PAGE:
Declaration Of Dependence (Source/Virgin)
Norway’s Erlend Øye and Eirik Glambek Bøe, aka Kings of Convenience, were both born in the fall of 1975, and their third studio release reaches us – after a five-year wait – in late October, so the album’s autumnal textures feel just right. It’s refined, poised, sweater-and-scarf music to settle down with in advance of winter’s messy hysteria.
But it also might induce hibernation, or at least a series of long naps. The duo’s impeccably harmonized voices are more hushed than ever, gently prodded forward by acoustic guitars that pluck sad, pretty chords. Lyrics focus on soured relationships and cold, numb lovers. Despite the hiatus, there’s been little evolution in the duo’s sound, and an all-round too-careful, restrained quality permeates the album’s static final half.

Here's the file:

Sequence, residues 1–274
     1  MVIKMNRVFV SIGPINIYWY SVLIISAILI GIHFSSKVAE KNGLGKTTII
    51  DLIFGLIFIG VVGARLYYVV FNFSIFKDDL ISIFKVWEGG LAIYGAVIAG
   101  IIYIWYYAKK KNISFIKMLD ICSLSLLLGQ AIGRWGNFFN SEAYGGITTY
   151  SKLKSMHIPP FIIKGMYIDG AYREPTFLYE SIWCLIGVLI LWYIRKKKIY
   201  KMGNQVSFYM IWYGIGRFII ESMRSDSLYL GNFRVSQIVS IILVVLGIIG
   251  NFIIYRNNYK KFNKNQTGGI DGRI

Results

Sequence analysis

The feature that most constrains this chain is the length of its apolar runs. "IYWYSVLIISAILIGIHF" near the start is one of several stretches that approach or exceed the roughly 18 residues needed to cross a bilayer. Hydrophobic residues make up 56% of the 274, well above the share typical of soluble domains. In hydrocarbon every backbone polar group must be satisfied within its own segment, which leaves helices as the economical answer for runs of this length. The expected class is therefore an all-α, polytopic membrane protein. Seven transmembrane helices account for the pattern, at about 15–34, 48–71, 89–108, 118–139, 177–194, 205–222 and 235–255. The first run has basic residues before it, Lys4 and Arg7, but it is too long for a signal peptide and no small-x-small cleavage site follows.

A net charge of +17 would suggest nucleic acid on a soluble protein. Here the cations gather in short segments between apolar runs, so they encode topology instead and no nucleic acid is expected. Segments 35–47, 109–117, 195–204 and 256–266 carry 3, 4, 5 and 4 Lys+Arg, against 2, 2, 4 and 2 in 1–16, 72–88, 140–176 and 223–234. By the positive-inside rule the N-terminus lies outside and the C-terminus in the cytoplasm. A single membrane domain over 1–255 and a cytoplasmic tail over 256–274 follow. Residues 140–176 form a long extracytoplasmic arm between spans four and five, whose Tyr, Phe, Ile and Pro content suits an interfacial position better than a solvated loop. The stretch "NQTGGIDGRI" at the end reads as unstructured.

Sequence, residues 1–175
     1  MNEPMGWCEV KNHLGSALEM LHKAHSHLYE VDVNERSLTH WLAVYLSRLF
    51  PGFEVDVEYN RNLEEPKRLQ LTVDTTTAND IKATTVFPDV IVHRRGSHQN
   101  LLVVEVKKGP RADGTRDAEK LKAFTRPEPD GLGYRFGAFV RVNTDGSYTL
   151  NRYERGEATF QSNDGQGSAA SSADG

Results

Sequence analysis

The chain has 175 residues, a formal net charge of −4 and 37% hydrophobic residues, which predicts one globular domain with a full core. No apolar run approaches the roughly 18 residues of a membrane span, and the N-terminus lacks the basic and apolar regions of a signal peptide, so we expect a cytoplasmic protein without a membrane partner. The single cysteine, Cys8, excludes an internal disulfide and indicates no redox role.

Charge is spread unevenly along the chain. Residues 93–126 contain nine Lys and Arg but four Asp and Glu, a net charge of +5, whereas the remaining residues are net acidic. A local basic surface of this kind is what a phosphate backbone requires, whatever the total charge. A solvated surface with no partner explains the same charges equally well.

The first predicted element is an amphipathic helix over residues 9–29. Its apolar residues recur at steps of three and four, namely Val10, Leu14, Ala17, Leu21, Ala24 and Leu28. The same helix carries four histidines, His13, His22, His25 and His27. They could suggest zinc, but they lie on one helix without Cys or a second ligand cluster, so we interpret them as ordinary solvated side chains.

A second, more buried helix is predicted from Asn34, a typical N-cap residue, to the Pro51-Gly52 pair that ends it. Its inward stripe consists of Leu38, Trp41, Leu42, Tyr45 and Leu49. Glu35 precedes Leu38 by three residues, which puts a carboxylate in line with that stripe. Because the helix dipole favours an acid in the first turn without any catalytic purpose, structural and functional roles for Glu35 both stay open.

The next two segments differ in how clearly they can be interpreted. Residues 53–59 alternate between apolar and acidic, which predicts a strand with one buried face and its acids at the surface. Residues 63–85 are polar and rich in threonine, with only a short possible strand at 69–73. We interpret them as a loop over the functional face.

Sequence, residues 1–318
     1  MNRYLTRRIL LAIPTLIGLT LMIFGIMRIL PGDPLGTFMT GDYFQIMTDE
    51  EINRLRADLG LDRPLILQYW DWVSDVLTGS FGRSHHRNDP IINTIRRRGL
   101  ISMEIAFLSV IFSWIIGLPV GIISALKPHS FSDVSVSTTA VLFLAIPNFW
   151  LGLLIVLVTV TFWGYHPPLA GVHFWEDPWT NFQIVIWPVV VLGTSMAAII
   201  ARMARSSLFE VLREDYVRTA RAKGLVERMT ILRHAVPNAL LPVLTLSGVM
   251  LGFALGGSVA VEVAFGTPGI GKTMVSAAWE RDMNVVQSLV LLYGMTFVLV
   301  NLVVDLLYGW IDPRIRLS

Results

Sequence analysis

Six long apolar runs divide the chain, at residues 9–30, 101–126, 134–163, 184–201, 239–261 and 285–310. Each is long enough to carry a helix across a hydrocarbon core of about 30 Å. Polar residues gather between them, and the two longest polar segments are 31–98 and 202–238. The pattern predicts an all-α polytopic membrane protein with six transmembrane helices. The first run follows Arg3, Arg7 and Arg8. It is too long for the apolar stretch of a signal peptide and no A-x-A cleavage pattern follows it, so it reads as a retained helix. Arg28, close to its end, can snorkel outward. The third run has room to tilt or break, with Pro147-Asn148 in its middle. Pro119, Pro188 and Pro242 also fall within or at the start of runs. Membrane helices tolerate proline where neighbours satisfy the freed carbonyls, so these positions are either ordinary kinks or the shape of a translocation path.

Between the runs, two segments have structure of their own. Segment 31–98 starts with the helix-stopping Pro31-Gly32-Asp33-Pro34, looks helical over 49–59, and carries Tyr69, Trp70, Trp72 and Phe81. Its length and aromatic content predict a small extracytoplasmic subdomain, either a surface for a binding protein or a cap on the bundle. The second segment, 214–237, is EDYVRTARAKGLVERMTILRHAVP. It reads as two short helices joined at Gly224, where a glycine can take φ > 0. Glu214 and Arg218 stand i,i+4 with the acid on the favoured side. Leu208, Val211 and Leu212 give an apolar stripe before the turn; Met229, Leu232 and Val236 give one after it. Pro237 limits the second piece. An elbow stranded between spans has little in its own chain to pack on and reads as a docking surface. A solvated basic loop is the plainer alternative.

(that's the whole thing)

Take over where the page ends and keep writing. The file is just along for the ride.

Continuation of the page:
Still, Boat Behind shows some pep, 24-25 is awfully moving, and Freedom And Its Owner mellowly grooves like Lovers Rock-era Sade.
Top track: Boat Behind